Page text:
Annihilation from space: the video

Posted by Daniel Pendick
on Friday, January 25, 2008

Duck! There’s another near-Earth asteroid coming!

You may have noted the media reports this week about the asteroid 2007 TU24, which makes a close pass by our home planet next Tuesday (January 29). But don’t worry too much, because I mean “close” in astronomical terms, which in this case is 1.4 lunar distances (334,000 miles).

Or perhaps a friend of yours forwarded a goofball hoax e-mail to you about the government conspiracy (only one?) to hide the fact that OH! MY! GOD! THE ASTEROID IS HEADING RIGHT FOR US!!! RUN FOR YOUR LIVES!!! ARRRGGGGHHHH!

Here’s a snippet from the goofball hoax e-mail a friend of mine forwarded to me:
“My friend, who I cannot identify, because of security issues told me that NASA is about 50/50 as to whether this asteroid will impact Earth.”

My favorite part is at the end, where this unidentified friend-of-NASA-contract-worker says, “If you are a praying man or woman I suggest to you that your prayers are directed toward the protection of Earth from this object. If you are not a praying person I suggest to you that you become one. May the Great Spirit protect us all!”

Forget the Great Spirit. What about NASA?

This is just one of the questions examined in a science video by Space Viz Productions, “Planetary Defense.” The 48-minute video — available on DVD from Space and the Space Viz web site — was directed, produced, narrated, edited, and scored by M. Moidel.

The video discusses the threat from asteroid and comet strikes, what scientists are doing to better characterize the threat, and what we humans might do to avoid going the way of the dinosaurs if a big asteroid were to threaten us.

I won’t comment much on the “hey, kids, let’s put on a show” lack of technical savvy in this video. You either see the glass half full or half empty. The half-empty perspective might include comments on the poor quality of video and sound in some parts of the video, or the distracting and intrusive music running behind some of the key interview segments.

But the half-full perspective says, “Wow, he did this ALL himself!” As someone now learning how to produce video, I feel Moidel’s pain. Making videos is HARD, and there are a million ways to look silly. (I invite Moidel to view some of my early videos for and have a good giggle.)

That all said, the video does a good job with the content. It’s basically an educational film, not “infotainment” of the type you would expect on the Discovery Channel. Much to his credit, Moidel digs deep into some of the critical technical issues regarding space defense, such as the different mitigation strategies required to defend Earth against dense, metallic asteroids versus “junkpile” collections of rubble held together by gravity. The DVD also includes extended slide shows about comets & asteroids and Earth impacts. The total content length is 1 hour.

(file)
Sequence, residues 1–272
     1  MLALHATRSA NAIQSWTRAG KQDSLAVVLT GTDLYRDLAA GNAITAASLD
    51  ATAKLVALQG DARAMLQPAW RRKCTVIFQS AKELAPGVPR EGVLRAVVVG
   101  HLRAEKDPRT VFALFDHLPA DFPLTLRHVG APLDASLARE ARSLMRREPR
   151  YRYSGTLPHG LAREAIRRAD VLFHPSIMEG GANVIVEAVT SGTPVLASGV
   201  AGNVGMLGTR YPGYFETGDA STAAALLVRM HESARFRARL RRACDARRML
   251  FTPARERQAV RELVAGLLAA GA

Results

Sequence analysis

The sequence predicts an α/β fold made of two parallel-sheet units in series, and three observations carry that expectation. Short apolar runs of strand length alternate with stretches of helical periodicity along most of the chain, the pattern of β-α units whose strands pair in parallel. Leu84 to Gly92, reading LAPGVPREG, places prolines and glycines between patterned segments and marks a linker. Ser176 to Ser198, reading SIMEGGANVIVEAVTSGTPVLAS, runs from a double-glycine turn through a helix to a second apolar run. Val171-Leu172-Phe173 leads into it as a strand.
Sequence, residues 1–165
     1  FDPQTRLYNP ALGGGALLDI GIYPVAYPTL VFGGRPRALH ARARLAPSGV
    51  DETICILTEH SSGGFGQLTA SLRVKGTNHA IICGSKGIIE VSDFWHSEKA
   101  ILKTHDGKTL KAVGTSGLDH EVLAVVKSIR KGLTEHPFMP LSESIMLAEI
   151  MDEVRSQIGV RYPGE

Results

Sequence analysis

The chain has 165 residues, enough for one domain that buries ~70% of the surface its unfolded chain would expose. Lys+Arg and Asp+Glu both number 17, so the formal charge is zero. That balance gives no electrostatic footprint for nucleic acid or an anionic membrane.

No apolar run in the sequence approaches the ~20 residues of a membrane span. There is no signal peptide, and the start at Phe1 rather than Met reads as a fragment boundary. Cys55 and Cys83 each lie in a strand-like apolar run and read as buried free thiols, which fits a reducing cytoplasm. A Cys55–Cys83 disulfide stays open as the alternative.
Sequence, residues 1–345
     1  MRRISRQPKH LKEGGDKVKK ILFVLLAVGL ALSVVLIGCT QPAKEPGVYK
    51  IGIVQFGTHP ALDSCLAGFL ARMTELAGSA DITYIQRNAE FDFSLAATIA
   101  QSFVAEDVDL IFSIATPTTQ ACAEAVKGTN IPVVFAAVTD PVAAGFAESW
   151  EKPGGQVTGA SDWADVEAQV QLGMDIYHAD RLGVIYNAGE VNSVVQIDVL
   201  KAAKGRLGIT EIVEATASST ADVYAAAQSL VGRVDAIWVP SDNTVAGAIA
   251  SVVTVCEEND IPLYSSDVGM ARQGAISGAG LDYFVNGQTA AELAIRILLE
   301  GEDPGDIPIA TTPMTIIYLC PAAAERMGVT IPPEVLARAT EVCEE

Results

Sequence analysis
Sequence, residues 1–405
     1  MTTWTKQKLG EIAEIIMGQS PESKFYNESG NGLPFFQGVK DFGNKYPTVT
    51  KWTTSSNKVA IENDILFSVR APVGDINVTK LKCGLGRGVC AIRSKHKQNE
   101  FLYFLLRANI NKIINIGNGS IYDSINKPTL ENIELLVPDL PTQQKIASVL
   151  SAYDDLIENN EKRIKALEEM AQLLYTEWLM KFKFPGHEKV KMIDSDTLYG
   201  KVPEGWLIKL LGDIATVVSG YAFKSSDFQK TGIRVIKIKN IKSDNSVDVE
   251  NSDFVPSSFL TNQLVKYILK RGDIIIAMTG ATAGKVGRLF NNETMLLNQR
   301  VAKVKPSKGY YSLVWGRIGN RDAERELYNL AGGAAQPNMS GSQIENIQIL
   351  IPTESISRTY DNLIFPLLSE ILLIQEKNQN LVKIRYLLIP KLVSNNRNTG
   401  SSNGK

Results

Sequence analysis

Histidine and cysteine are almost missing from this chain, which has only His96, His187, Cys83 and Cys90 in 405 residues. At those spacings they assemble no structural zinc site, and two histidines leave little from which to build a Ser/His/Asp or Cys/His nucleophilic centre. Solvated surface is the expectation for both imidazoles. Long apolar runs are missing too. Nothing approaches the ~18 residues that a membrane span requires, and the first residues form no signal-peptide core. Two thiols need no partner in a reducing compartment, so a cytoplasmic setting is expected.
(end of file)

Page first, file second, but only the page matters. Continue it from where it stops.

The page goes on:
Kudos also to Moidel for the impressive and authoritative lineup of experts he interviewed, including science-fiction pioneer Arthur C. Clark, famous comet-hunter David Levy, and a number of  NASA top brains, including asteroid-scientist Donald Yeomans and astrobiology guru David Morrison.

As for Rusty Schweickart, the former astronaut now tooting the trumpet for space defense internationally, perhaps using heavily pixilated and discolored web-cam footage of him in the video was not such a good idea. I kept staring at the holes winking in and out of Rusty’s forehead instead of listening to him.

Anyway, if you want a slick documentary on space defense, avoid this video. However, if you want a detailed and informative treatment of the space defense issue, watch “Planetary Defense” — but be prepared to pay $49.99. This price is comparable, or lower than, many educational video products on the market. Moidel’s video seems best for schools and libraries rather than general consumers of science media.

To leave a comment you must be a member of our community.
Login to your account now, or register for an account to start participating.
No one has commented yet.
Join our Community!

Our community is FREE to join. To participate you must either login or register for an account.


Receive news, sky-event information, observing tips, and more from Astronomy's weekly email newsletter. View our Privacy Policy.

Find us on Facebook